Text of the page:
The Christian leaders of the Holy Land view the government's support for the demands of a small group of Islamic militants, despite the recent court decision, as an act of discrimination against a small and increasingly marginalized Christian community. They see the government's action as part of an effort to gain votes amidst shifting political allegiances in the area, and as contributing to Muslim-Christian tensions and divisions within the Palestinian community. On November 24, Vatican spokesman Joaquin Navarro-Valls said: "The Israeli government decision seems to lay the foundations for future disputes and tensions between the two religious communities, Christian and Islam. I feel that, in this matter, the political authorities have a great responsibility as, instead of supporting unity, they create the foundations for fomenting dissent."
- Israeli Stewardship of Holy Places and Protections for Minorities
For Christians, this is not simply a matter of local politics or inter-religious tensions but has serious consequences for the future of the Holy Places and for the Christian communities of the Holy Land. Confidence in Israeli stewardship of the Holy Places is undermined by the erratic policing related to the mosque protests last April, when police were slow to respond to attacks on Christians by mosque supporters after Easter services; the involvement of some government officials in politicizing this controversy; and the government's acquiescence to militant demands, which has only exacerbated a feeling of extreme vulnerability by the small, indigenous Christian population.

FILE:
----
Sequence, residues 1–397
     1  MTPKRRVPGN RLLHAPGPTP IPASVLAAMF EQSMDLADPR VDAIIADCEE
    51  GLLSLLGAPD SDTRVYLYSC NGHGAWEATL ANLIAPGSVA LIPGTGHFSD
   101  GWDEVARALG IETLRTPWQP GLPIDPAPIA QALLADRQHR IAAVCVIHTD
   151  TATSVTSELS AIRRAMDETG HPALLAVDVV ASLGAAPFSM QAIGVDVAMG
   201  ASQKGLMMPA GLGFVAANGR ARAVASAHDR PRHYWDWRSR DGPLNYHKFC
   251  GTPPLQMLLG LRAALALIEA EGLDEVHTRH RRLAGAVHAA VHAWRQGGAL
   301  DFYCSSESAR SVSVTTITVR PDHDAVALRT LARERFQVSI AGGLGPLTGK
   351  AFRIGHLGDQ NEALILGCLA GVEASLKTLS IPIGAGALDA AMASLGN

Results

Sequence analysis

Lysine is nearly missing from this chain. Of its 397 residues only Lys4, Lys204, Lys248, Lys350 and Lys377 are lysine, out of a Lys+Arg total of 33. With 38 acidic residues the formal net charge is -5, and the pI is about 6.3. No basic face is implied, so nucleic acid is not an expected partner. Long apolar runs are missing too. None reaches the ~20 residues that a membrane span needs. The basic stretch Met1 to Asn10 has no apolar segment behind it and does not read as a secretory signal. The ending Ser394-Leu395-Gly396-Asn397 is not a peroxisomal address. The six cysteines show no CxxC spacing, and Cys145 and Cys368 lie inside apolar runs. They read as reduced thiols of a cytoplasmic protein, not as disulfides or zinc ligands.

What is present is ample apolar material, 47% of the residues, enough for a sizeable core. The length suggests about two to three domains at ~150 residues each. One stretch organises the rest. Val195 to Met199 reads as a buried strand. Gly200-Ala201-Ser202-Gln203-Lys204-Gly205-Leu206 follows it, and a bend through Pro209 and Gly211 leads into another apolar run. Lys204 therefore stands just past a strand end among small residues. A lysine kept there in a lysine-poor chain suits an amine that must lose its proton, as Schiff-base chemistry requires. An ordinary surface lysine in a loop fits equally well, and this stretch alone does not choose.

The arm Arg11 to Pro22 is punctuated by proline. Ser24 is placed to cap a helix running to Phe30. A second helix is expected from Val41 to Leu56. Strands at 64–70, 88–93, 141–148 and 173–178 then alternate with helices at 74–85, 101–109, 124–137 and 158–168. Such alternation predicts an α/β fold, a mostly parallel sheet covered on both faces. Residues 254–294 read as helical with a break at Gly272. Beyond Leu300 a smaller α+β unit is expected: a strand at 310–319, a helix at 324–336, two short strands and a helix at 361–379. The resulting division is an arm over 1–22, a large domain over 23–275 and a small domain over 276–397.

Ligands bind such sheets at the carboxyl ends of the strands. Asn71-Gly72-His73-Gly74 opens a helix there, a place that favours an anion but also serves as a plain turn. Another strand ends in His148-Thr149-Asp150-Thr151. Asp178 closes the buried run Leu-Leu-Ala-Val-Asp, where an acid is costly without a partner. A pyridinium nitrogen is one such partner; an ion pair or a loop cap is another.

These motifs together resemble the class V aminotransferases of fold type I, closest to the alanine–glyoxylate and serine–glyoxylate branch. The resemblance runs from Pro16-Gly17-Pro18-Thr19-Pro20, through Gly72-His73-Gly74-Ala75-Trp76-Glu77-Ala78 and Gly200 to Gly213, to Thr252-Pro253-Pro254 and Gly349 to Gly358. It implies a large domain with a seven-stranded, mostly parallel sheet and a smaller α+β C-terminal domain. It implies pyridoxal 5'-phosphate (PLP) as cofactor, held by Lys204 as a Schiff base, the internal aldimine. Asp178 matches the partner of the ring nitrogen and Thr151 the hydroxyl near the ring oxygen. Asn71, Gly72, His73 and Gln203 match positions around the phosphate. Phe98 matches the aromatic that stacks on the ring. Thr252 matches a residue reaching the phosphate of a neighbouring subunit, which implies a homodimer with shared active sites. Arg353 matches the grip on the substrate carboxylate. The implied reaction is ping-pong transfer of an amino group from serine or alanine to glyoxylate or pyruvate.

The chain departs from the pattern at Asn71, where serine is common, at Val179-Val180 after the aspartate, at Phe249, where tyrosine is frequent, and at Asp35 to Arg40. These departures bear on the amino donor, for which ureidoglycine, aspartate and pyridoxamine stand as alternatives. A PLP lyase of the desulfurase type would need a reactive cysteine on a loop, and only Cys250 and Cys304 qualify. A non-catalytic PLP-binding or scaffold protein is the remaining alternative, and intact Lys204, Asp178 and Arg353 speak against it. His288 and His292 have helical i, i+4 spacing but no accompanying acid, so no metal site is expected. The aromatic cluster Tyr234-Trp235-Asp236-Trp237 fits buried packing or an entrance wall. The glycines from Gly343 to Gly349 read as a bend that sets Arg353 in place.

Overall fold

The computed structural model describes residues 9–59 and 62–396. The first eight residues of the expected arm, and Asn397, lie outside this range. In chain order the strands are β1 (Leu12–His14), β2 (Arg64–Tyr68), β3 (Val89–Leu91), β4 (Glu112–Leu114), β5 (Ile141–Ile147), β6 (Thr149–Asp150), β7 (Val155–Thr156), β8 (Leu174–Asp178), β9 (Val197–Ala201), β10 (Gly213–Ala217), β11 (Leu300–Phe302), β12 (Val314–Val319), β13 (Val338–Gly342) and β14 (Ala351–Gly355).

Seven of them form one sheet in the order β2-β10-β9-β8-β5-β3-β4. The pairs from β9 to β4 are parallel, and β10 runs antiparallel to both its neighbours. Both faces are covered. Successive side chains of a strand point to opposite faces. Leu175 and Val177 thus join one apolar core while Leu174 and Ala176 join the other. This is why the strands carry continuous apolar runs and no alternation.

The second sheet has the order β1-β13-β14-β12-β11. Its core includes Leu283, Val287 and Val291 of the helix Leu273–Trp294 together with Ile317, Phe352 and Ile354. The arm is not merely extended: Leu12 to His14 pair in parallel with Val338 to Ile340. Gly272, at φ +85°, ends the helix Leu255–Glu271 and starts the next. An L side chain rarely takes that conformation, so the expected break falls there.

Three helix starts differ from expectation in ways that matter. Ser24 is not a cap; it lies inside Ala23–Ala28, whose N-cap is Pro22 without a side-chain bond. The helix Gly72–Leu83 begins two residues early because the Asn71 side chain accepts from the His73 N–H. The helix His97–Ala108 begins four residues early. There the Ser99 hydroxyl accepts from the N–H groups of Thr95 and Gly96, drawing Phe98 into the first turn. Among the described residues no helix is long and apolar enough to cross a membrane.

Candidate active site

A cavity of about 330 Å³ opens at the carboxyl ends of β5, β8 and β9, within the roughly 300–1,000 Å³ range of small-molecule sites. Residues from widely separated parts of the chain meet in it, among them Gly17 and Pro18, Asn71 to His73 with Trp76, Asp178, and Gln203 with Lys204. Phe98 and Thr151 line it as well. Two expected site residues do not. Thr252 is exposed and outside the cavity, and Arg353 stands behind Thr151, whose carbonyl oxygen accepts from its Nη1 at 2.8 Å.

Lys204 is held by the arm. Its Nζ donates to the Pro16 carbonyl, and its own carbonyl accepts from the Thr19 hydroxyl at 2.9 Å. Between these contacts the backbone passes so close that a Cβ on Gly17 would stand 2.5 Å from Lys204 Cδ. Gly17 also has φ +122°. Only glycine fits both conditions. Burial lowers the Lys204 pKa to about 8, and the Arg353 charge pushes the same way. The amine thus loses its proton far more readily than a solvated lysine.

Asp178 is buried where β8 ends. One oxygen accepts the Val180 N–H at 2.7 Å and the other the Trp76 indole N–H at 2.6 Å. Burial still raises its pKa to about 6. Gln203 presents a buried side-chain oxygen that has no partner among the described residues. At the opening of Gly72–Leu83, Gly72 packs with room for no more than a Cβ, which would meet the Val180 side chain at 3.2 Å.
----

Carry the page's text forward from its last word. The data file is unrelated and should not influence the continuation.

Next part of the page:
Muslim Opposition to the Mosque
Numerous Muslim leaders and groups have opposed the mosque, claiming that it is an unnecessary provocation that causes divisions between Christians and Muslims. On November 21, the Higher Islamic Council of Jerusalem, which is close to the Palestinian Authority, released a communique calling for a postponement of the cornerstone-laying ceremony. On December 1, Grand Mufti Nasr Farid Wassel of Egypt, the country's highest religious authority, urged that another location be found, saying that "Those who pray in that mosque would take on a measure of responsibility for fueling the 'fitna' [internal dissensions between Christians and Muslims] and will have to answer to God and his Prophet for the evil he would inflict on the citizens. This goes for all those who give their consent to the construction." Saudi Arabia, the guardian of Islam's holiest shrines offered to pay for a new mosque at an alternative spot in Nazareth, away from the Basilica, to avoid friction, but this has been rejected. The Muslim Public Affairs Council in the United States has also called for a postponement.
Urge your Member to contact the Israeli Ambassador and urge a reconsideration of the government's decision to permit construction of the mosque.
USCC letters to President Clinton and the Israeli Ambassador (11/99); detailed backgrounder (11/99)
More information: Gerard Powers, 202-541-3199 (ph), 202-541-3339 (fax); www.usccb.org/sdwp/international